Was it the 444,000th cover of Perfect Day ever made? 

A reggae beat rolls up the hill to warn it will be in charge from sunset.
I rarely carried a cameras in the 1990s.  It is clear in the big screen inside my head. I wish there was a kind of camera that could take the image in my mind and show it to you.  It would show you the plant stall on the left as you came in, the crumbling outbuildings, the craft stalls, and the cakes liquefying even in the shade, flowered icing smearing. It would show you young love. Problems all left alone.  It would show you the children in spangly costumes, it’s such fun.  It would show you  buggies laden with goodies and babies, smiling, sleeping and squirming. It would show you the cream of London apiarists, who for five minutes would make you think of keeping bees. It would show you the tiny stream train and driver, a portly Gulliver. It would show you the tables of ezy cleaning products, and dolls in crinolines with  toilet paper petticoats that will do another twirl at a boot fair soon.  It would show you old love. It would show you  chutneys and pickles with floral covers, and it would show you the donkeys and falcons. Just a perfect day feed animals in the zoo. 

Just a perfect day you made me forget myself.

One perfect day. Luckily, it’s not the only one.

MJ Edmunds

Italics are  from Perfect Day by Lou Reed.

Today is the 30th birthday my father did not reach

A painting of my father by his Aunt Augusta ©
A painting of my father by his Aunt Augusta ©

Today is the 30th birthday my father did not reach.
I can’t recall the other 29 clearly. They are shadows of an anniversary that given the preference, I’d rather not discuss. I’d rather just think of him quietly.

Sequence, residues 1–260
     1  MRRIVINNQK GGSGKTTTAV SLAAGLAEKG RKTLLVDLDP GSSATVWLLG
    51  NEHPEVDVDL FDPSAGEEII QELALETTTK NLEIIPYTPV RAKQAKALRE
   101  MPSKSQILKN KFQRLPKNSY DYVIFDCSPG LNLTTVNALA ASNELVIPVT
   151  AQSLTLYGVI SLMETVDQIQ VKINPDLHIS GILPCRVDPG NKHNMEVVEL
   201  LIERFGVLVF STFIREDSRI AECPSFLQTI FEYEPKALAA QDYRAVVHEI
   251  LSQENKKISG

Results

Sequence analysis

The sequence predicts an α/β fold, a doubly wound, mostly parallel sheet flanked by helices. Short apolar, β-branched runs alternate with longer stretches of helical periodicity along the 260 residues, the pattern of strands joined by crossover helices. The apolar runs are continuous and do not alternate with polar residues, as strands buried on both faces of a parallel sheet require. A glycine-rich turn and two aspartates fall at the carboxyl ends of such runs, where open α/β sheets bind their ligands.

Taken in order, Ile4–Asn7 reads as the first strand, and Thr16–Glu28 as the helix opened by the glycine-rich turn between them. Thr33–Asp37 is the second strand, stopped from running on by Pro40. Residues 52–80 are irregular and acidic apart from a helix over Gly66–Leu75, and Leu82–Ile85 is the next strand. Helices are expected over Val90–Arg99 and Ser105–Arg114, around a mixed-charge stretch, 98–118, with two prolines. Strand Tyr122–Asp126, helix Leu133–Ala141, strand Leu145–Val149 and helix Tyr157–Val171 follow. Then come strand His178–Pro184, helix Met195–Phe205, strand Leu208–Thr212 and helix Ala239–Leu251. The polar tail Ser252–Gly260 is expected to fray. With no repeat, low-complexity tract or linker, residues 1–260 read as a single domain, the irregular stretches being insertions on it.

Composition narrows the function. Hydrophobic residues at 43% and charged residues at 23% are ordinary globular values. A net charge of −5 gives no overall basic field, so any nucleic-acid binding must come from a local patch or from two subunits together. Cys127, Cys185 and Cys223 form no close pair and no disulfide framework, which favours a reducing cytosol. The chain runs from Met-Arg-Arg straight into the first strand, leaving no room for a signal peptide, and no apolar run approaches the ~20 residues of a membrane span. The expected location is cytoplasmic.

My father’s only grandson sleeps. If they’d met, they’d have had a quiet bet together, and agreed between themselves not to tell me. They are so alike – not in love with academia, liking a bet, loving to collect what others see as junk, sensitive to others, and with a wicked sense of humour.
My father’s only granddaughter plays, making, chatting, imagining, devising, her giggles impervious to the coldness of day and a long ago loss. She loves birthdays. If only they’d met.

What would he have made of the person I became? What would he have thought of me with my volatile writing life and my weight lifting under the supervision of a personal trainer for goodness sakes? What would he have thought about us never voting the same way?

He had this scheme or dream of travelling the countryside collecting antiques for a shop on Sydney’s North Shore and me running the shop. He was about to start on his side of the plan. He and Mum had the caravan ready but then he became ill. Now I see the antique shop was quite a good plan. I would have found good stories there.
In the southern tablelands town where my father spent his childhood, one of his oldest friends was interred yesterday. He was 92 when he died last week. I make no comparison. He too was a good man. Both of them now gone. My father would be 77 today, were he here. I will bake a birthday cake.